Native Americans are taking a stand on behalf of tribal lenders amid an onslaught from special interest organizations attempting to push these local businesses that serve an often neglected community out of business. One Native American advocacy group says opponents of tribal lending are promoting a “false, and often racist narrative.”

For years, the National Consumer Law Center (NCLC), a self-declared watchdog organization with no legal authority, has been waging a public-relations war on tribal lenders, accusing them of being engaged in unethical “payday lending” and demanding they operate under non-tribal rules.

“None of my tribes are engaging in payday lending,” says Robert Rosette, an attorney that exclusively represents Indian Tribes. “They always get upset with that sort of negative connotation.”

And it appears the courts are on their side.

The state of Connecticut tried to fine the chairman of the Otoe-Missouria tribe, John R. Shotton, and their tribal lenders for violating state rules on interest rates for short-term loans. The NCLC supported the effort. They were unsuccessful.

“We took that all the way to the Connecticut Supreme Court where we prevailed,” says Rosette. “We also got a significant victory two years ago in the 4th Circuit, so we’ve got two significant victories now in the federal courts and in the Connecticut Supreme Court.”

According to Rosette, it is an issue of sovereignty. So, for example, there are federal laws, state laws, and tribal laws. The laws that tribal lenders follow are federal laws. That’s because of the supremacy clause, meaning federal law trumps other laws.

“If you look at every federal lending law, and every tribal lending law, and every tribal lending code, the tribes comply with all of these applicable federal and tribal lending laws,” says Rosette. “It’s not that tribes don’t comply with state law, it’s that those laws are not applicable to tribes.”

Meanwhile, the NCLC is pushing against these rulings, using its widely-read online digital library to promote legal theories contrary to these recent rulings. Their website is full of references to “faux tribal lending” and legally dubious claims that tribal sovereign immunity is in question in these cases.

Native American Financial Services Association (NAFSA) chalks it up to a lack of education on these matters.

“We are keenly aware of the lack of education that exists for much of mainstream America regarding Tribal financial services,” the Native American Financial Services Association (NAFSA) in a statement. “As such, we are continuing to work to better educate the public, consumer groups, politicians and lawmakers in order to counteract the false, and often racist narrative and stigma that has been unjustly plaguing Tribal financial services and Fintechs.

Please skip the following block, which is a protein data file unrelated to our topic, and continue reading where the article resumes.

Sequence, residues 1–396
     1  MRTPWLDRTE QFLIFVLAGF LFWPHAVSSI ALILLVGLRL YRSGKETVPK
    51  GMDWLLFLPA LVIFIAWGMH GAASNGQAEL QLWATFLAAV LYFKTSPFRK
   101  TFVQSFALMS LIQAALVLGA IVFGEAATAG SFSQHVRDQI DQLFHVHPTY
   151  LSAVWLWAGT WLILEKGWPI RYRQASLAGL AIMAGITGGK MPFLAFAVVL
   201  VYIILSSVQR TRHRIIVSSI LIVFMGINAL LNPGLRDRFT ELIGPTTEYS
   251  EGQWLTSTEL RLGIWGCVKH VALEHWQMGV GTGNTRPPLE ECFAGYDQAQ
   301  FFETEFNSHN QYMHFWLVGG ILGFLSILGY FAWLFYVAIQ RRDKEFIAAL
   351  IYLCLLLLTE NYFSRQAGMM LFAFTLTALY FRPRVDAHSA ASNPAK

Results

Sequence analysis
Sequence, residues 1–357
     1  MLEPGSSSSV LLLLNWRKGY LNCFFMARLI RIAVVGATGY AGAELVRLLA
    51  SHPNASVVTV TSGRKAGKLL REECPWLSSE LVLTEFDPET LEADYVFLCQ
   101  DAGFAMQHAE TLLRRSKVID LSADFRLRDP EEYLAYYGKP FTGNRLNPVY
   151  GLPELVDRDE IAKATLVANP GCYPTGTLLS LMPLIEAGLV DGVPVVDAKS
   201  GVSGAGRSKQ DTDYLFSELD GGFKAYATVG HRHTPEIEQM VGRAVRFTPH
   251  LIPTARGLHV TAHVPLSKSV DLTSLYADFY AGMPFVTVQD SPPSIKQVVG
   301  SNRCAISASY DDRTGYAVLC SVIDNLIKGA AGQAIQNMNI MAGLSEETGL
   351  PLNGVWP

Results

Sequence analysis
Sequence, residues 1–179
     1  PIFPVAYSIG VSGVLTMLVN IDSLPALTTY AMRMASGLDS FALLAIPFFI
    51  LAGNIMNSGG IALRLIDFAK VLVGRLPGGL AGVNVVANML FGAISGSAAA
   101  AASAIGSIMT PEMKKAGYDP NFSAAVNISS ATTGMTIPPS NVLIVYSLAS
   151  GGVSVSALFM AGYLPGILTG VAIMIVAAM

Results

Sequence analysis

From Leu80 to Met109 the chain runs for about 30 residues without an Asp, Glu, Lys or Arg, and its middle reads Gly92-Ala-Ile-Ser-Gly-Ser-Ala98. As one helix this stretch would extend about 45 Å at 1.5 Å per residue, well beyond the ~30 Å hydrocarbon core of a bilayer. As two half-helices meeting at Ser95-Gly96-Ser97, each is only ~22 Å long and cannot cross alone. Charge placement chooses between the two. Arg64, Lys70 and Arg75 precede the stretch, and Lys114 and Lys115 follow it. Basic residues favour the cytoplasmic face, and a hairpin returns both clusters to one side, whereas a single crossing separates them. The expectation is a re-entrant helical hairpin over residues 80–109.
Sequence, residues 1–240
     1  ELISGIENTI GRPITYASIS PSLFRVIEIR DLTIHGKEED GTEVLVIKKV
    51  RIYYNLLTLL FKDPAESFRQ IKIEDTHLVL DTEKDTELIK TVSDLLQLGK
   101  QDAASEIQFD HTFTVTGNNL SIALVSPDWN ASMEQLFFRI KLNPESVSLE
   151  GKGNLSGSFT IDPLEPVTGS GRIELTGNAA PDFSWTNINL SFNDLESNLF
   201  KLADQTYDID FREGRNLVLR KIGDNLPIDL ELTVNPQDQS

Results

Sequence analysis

“Above all, NAFSA remains steadfast in its advocacy for Tribes and their inherent rights as sovereign nations to self-determine what is best for themselves and future generations of indigenous people,” they said.

Fintech refers to computer programs and other technology used to support or enable banking and financial services.

Tribal lenders do offer short-term installment loans with higher interest rates that reflect higher risk, but they are not tied to a person’s payday.

“That’s an entirely different business that we disagree with and my clients prohibit that type of activity,” says Rosette. “These are installment loans with amortization periods, and the borrowers have the right and opportunity to pre-pay them much like a credit card, and I think most of our clients pay them off within anywhere from one to three months, so, I just want to make that clear that none of my tribal clients engage in payday lending.”

Rosette says it’s “demoralizing for tribes to get beaten up by mainstream media.”

“Nobody takes the time to look at how hard tribes work at these businesses, how good they treat their customers, and most importantly what the tribes do with the revenue they’re derived from these companies,” says Rosette. “The tribes are using these badly-needed revenues to provide essential government services to their constituents, such as buying dialysis machines to treat diabetes or purchasing police cars or maybe using some of the money to send their kids to college.

“It’s very disheartening and demoralizing but the tribes are resolved to continue operating these businesses, offering better products, and continuing to be a market leader in the financial services space,” Rosette said.